A research team at Chalmers University has shown that a layer of vertical graphene flakes forms a protective surface that makes it impossible for bacteria to attach. Instead, bacteria are sliced apart by the sharp graphene flakes and killed. Coating implants with a layer of graphene flakes can therefore help protect patients against infection, eliminate the need for antibiotic treatment, and reduce the risk of implant rejection. The osseointegration - the process by which the bone structure grow to attach the implant - is not disturbed. In fact, the graphene has been shown to benefit the bone cells.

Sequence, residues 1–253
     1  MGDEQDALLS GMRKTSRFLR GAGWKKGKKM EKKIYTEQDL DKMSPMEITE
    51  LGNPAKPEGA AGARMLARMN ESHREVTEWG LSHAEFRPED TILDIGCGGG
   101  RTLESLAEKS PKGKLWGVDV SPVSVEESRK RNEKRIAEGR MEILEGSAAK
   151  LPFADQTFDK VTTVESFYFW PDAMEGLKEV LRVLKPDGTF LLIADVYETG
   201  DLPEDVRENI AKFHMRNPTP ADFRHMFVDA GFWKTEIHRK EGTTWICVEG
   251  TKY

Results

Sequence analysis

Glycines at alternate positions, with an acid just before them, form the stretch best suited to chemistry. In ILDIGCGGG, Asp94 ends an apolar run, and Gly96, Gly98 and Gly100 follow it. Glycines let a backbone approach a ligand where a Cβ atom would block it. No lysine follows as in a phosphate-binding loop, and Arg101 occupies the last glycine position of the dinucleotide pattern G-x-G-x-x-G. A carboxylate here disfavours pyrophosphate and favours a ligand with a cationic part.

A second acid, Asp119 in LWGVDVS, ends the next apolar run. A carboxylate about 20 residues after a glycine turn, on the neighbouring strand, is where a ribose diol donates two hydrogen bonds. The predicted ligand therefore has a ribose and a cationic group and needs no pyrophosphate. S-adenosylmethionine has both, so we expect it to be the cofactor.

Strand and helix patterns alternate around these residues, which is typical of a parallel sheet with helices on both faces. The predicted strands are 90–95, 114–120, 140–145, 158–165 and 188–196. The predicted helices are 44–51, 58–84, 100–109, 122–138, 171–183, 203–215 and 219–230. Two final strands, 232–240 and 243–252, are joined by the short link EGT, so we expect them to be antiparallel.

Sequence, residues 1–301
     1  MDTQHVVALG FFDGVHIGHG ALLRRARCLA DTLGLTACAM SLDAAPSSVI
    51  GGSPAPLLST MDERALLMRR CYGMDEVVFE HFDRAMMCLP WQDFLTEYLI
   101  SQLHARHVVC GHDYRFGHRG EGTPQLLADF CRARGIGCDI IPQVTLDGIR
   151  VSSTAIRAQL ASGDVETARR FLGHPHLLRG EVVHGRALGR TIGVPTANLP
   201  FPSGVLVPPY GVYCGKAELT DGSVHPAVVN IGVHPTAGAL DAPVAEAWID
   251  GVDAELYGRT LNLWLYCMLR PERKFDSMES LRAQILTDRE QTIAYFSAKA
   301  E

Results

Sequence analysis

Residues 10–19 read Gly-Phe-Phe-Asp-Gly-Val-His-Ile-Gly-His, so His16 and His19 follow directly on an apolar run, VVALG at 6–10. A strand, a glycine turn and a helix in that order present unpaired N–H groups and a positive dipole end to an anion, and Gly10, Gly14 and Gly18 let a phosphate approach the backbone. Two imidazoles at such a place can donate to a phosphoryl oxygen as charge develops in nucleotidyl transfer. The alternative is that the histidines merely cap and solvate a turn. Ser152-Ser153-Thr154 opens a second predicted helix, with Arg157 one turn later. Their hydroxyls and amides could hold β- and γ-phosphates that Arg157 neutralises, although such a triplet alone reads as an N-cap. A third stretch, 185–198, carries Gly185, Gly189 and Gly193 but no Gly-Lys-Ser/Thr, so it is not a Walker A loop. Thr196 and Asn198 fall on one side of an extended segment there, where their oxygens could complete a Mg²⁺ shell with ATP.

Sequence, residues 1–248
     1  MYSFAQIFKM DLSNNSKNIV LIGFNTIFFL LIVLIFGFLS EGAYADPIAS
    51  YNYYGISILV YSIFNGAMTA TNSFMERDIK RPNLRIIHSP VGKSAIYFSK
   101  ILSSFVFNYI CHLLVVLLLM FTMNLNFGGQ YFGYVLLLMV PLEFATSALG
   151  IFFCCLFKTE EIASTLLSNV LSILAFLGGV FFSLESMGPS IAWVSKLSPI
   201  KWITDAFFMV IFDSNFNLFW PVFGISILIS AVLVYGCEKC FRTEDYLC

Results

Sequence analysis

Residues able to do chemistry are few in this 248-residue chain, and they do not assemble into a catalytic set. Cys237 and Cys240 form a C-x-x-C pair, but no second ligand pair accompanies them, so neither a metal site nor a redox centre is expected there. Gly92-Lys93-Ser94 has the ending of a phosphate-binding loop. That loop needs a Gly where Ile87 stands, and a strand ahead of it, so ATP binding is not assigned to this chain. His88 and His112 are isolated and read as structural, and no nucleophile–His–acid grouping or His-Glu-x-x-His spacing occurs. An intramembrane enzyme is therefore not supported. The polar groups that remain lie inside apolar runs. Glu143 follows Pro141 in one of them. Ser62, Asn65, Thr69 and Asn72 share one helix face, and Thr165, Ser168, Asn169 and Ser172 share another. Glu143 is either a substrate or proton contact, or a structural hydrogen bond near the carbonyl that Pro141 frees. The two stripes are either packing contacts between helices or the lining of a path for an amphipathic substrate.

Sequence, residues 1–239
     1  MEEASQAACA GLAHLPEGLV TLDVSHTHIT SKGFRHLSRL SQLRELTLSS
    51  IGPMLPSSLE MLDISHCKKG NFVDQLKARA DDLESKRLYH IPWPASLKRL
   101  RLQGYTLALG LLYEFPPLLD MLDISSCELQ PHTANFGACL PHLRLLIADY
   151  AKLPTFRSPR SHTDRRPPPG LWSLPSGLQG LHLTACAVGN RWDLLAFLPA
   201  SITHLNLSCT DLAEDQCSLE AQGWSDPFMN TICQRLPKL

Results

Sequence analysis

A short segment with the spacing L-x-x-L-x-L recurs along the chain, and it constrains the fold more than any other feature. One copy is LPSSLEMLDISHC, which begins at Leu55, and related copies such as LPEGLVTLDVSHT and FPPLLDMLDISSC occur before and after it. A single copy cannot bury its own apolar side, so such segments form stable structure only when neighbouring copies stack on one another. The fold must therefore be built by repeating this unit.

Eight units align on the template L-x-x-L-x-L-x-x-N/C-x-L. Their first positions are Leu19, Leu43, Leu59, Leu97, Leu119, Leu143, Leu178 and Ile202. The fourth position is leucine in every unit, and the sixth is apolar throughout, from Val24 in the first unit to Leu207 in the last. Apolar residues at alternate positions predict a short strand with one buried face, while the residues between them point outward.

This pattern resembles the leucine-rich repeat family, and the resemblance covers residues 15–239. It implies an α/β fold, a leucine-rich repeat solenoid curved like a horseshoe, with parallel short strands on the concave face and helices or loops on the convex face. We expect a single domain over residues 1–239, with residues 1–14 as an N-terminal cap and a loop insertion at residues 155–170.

Chalmers University researchers stated that the biological applications of graphene began to materialize a few years ago. The researchers saw conflicting results in earlier studies, in which some showed that graphene damaged the bacteria, others that they were not affected. "We discovered that the key parameter is to orient the graphene vertically. If it is horizontal, the bacteria are not harmed" says Ivan Mijakovic, Professor at the Department of Biology and Biological Engineering.